It’s been nearly 20 years since the Federal Communications Commission (FCC) and the National Telecommunications and Information Administration (NTIA) created their Memorandum of Understanding (MoU) on spectrum coordination, so it’s high time they updated it.
That was the thinking behind lawmakers’ efforts to get the agencies to update their pact after a series of high-profile disagreements between the two.
The dispute over C-band spectrum with the Federal Aviation Administration (FAA) was the most recent and public tussle. Other examples are the debate over Ligado Network’s L-band network, the 5.9 GHz band and the 24 GHz band as it relates to potential interference to weather forecast data.
The FCC is in charge of commercial spectrum, while NTIA manages federal spectrum use. It just so happens that some of the most viable near-term commercial spectrum is in the hands of federal users.
The updated MoU comes as the Subcommittee on Communications, Media and Broadband held a hearing Tuesday on the very topic of future spectrum policy and coordination between these agencies.
According to the FCC and NTIA, the revised agreement will strengthen cooperation and collaboration between the agencies and help advance a “whole-of-government” approach to how spectrum is used and managed in the U.S.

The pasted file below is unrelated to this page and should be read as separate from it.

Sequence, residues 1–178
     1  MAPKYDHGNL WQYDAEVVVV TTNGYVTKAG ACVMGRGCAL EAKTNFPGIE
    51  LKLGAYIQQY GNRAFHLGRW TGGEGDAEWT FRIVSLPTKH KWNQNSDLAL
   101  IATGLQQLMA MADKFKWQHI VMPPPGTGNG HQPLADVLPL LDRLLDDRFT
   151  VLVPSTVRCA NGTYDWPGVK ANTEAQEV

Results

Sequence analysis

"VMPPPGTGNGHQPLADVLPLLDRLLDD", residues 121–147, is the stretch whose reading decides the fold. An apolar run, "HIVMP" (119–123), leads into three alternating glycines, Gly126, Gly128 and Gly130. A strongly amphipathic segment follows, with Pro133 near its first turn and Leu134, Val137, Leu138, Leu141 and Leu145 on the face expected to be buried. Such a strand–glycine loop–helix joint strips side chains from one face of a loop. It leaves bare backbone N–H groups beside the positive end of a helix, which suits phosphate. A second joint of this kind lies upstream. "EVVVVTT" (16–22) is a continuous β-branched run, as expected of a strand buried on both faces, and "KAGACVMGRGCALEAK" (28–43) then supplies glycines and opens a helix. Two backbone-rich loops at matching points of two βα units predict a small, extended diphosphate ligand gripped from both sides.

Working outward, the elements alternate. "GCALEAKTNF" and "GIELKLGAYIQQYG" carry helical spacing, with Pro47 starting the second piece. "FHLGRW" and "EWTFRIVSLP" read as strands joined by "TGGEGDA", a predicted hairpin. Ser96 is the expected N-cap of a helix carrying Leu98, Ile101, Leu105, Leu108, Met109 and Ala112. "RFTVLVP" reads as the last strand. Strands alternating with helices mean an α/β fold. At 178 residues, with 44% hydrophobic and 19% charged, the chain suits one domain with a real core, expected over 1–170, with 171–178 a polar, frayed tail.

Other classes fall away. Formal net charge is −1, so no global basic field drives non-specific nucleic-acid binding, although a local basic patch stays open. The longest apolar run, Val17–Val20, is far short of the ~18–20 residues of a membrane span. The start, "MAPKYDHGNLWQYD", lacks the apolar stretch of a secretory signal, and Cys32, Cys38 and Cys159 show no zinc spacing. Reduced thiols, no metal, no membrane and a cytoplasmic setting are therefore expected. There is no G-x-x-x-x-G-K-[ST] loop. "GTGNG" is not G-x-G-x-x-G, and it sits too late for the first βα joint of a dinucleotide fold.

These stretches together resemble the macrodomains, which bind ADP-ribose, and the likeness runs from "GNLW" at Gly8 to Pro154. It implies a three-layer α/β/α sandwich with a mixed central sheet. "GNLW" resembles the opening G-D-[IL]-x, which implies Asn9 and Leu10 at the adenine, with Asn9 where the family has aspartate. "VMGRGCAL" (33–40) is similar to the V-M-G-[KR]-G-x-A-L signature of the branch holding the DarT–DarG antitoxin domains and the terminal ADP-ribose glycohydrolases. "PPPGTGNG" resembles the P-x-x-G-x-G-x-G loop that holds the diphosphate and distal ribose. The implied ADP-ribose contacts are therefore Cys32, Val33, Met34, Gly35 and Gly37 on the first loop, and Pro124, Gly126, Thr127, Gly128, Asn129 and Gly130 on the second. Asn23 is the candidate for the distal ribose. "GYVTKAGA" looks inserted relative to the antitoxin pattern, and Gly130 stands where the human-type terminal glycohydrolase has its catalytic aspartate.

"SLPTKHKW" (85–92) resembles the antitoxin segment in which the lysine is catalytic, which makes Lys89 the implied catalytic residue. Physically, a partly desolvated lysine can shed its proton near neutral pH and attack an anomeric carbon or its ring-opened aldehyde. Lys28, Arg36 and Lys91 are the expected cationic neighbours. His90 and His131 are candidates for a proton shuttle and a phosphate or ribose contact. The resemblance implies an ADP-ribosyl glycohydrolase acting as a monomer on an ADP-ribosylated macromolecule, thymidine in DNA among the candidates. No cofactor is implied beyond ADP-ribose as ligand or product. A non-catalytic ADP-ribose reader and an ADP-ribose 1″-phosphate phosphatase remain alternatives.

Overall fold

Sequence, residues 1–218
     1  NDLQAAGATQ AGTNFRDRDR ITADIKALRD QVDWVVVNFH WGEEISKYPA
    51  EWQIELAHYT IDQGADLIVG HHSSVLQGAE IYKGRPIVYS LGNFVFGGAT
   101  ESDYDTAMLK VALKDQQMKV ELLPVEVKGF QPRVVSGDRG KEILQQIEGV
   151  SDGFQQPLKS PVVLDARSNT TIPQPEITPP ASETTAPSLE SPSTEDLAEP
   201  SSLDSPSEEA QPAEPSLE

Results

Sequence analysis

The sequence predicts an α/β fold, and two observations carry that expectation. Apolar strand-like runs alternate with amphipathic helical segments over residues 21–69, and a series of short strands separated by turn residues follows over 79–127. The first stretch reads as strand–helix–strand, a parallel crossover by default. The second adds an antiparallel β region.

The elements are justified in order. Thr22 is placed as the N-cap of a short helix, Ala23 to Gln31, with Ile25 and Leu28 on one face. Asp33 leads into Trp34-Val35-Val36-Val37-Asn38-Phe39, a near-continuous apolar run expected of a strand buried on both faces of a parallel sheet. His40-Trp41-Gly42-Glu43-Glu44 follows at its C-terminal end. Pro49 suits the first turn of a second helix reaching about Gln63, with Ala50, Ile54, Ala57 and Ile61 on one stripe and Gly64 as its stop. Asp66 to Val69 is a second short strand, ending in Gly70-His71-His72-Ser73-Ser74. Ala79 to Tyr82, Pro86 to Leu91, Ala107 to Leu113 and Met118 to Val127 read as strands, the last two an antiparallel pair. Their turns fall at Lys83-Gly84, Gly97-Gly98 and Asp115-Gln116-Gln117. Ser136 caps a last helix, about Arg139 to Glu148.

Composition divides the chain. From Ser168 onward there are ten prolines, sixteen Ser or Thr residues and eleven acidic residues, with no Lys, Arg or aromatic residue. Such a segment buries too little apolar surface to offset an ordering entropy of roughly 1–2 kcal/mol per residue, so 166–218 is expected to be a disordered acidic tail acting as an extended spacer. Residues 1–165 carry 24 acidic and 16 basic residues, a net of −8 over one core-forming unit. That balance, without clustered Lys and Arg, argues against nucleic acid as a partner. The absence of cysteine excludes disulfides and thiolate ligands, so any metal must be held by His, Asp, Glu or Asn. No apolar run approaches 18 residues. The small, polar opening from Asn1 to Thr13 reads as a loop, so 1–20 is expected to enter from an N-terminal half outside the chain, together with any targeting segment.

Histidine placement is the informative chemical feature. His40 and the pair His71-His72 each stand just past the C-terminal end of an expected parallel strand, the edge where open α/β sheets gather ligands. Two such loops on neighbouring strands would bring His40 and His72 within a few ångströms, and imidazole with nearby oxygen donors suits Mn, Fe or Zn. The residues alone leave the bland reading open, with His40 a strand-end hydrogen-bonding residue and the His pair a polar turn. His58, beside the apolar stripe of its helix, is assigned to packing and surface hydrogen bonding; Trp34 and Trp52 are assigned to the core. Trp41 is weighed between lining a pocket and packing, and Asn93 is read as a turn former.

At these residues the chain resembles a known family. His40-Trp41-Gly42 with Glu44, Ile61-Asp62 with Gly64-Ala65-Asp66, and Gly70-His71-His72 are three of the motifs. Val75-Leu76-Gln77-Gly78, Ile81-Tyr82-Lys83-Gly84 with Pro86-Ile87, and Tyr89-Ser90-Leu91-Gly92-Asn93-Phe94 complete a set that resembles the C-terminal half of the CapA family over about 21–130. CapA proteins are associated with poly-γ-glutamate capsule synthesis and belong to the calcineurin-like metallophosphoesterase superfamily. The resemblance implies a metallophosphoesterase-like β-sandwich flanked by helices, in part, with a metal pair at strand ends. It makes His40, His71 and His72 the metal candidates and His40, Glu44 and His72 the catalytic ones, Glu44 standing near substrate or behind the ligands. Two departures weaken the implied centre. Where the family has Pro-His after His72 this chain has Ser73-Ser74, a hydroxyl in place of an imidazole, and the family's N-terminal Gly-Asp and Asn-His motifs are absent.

The new pact was signed by FCC Chairwoman Jessica Rosenworcel and NTIA Administrator Alan Davidson.
It’s a continuation of the progress the agencies announced in February with their Spectrum Coordination Initiative. As contemplated in that initiative, the MoU establishes a stronger framework for managing spectrum use and planning, including greater coordination between the agencies and a longer-term spectrum outlook. The FCC chair and assistant secretary will hold formal meetings to conduct joint spectrum planning at least quarterly.
Consumer advocacy groups and others were happy to see the updated agreement.
“No one could have imagined in 2003, when the FCC and NTIA last updated their agreement, just how complicated balancing federal needs with meeting the voracious demand for wireless services would become,” said Public Knowledge SVP Harold Feld in a statement. “This agreement will make it possible for the United States to move forward on future wireless technologies, such as 6G and Wi-Fi 7, while protecting public safety and critical federal operations.”
Competitive Carriers Association (CCA) President and CEO Steve Berry said he applauds the FCC and NTIA for reaching an agreement on spectrum coordination.
“Spectrum coordination between these two agencies is essential to ensuring issues are properly addressed before spectrum is designated for commercial use,” Berry said in a statement. “This is an important step in the right direction and will provide much-needed clarity around the most valuable resource for wireless carriers, and I commend the efforts to ensure carriers are able to purchase and use their spectrum as quickly and efficiently as possible.”